The rise of wind and solar power, coupled with the increasing social, environmental and financial costs of hydropower projects, could spell the end of an era of big dams. But even anti-dam activists say it’s too early to declare the demise of large-scale hydro.

The International Hydropower Association (IHA)—which represents dam planners, builders, and owners in more than 100 countries—touts dams as a clean technology, but that’s not quite true: Many reservoirs emit substantial amounts of methane, a potent greenhouse gas released by decomposing vegetation and other organic matter that collect in oxygen-poor reservoirs.

John Harrison.
John Harrison

A 2016 study in BioScience found that methane emissions from reservoirs constitute 1.3 percent all of global human-caused greenhouse gas emissions, and the highest-emitting reservoirs rival coal-fired power plants⁠. It is commonly assumed that methane emissions occur chiefly in shallow, tropical reservoirs, as if it’s a problem for only a small number of dam projects. But according to John Harrison, a professor at Washington State University’s School of the Environment and one of the study’s authors, “There is strong and growing evidence⁠ that temperate reservoirs can produce methane at rates comparable to those reported from tropical reservoirs.”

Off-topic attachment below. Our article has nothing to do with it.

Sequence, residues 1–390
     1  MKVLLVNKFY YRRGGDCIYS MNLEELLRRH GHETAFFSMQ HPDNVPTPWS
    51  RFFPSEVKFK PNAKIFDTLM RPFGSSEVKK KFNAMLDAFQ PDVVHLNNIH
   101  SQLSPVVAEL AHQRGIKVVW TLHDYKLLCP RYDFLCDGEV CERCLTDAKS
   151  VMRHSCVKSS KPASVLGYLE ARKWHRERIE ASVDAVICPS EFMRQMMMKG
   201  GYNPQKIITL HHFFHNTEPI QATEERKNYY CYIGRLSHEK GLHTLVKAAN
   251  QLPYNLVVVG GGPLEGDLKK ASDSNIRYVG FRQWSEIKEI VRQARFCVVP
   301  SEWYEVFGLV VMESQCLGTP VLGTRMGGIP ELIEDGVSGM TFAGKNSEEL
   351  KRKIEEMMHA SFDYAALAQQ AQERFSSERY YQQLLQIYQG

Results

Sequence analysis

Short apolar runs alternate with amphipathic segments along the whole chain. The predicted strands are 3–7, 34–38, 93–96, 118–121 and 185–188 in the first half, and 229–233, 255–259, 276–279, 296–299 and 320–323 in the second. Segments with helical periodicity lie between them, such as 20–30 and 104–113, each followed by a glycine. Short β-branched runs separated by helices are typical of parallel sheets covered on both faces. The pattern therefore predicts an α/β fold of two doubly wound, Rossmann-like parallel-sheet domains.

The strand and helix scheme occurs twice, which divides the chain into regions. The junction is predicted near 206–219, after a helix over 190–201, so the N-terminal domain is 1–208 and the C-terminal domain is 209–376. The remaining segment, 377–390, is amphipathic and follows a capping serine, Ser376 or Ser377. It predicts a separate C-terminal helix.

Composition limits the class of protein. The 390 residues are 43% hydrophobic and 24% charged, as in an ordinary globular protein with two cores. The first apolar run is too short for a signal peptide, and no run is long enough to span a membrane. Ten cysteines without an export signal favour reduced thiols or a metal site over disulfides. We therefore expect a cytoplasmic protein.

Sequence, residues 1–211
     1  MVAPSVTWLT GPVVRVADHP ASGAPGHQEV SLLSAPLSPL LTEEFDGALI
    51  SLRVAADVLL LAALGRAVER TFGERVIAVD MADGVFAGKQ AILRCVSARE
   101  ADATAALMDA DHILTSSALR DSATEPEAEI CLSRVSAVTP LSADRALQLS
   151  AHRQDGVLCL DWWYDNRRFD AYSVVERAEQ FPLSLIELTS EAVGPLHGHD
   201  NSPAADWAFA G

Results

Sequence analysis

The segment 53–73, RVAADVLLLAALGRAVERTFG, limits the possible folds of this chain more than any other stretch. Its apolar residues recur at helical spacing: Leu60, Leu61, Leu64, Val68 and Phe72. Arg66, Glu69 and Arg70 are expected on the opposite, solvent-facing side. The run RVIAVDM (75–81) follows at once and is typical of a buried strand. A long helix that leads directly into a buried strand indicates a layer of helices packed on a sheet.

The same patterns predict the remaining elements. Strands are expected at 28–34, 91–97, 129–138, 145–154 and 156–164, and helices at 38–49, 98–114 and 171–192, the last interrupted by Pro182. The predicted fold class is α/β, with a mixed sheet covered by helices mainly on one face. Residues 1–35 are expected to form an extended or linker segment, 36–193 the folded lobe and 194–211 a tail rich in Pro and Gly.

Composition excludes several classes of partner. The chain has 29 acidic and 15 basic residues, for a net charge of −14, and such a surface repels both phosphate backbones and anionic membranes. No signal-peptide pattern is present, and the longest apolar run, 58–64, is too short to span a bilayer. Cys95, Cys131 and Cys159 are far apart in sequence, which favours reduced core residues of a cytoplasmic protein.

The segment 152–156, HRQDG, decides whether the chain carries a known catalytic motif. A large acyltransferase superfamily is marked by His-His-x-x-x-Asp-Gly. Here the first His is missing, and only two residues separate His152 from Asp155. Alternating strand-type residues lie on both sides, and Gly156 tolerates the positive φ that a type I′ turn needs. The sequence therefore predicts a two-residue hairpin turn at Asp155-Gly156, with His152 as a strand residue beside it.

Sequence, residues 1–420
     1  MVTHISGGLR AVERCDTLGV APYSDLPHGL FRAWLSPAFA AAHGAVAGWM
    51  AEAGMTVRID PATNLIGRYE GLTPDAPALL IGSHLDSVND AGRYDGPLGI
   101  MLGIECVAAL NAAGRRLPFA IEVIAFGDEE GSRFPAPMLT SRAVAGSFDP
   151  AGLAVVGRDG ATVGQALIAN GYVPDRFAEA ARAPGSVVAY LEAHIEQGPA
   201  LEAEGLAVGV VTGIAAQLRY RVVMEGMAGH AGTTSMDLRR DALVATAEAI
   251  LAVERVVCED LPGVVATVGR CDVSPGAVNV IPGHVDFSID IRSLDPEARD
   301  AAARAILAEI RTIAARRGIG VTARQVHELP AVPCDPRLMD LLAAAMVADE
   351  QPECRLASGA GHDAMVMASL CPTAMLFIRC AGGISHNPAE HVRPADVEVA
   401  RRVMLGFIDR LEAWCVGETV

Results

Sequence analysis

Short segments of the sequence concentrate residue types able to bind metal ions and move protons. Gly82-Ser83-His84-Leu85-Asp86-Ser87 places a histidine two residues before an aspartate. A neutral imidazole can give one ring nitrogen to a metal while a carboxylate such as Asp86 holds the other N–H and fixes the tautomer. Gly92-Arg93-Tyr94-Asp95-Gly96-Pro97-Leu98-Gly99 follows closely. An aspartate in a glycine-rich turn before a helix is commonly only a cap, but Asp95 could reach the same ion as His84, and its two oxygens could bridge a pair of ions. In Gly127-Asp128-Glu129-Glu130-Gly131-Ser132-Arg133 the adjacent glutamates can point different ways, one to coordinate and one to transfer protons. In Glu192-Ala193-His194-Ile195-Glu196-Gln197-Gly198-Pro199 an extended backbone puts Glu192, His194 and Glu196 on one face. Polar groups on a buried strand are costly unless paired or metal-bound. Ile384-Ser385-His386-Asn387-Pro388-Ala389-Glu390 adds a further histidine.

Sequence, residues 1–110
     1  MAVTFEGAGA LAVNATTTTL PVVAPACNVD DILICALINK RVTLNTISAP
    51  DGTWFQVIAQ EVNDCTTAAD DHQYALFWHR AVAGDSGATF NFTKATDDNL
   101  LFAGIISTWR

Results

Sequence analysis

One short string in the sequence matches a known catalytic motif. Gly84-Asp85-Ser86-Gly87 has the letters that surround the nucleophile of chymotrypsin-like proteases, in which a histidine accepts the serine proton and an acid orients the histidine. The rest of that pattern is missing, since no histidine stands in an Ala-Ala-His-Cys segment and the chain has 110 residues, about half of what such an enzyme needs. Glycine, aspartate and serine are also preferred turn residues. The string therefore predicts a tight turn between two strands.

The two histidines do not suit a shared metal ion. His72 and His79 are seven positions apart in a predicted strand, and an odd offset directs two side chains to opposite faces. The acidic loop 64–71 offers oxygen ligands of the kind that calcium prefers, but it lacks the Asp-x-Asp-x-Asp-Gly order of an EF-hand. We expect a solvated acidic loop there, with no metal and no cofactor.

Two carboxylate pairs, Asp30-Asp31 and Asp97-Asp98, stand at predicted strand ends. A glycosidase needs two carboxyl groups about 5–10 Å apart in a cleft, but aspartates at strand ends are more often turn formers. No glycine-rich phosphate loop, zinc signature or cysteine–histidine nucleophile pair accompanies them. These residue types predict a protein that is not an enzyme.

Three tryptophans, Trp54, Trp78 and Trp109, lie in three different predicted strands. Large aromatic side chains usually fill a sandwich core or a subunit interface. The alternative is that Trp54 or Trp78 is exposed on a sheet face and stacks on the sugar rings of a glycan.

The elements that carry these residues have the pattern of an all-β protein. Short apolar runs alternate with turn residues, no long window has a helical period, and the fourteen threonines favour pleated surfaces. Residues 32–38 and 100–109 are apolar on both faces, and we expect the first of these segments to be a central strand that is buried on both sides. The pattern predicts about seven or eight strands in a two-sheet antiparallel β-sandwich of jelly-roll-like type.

Even so, the Intergovernmental Panel on Climate Change, which sets standards for measuring nations’ greenhouse gas emissions, doesn’t include reservoir emissions in its calculations; the IPCC is considering changing that policy next year. Growing understanding of the factors causing reservoir-generated methane could at least guide decisions about siting dams, avoiding places certain to produce high emissions.

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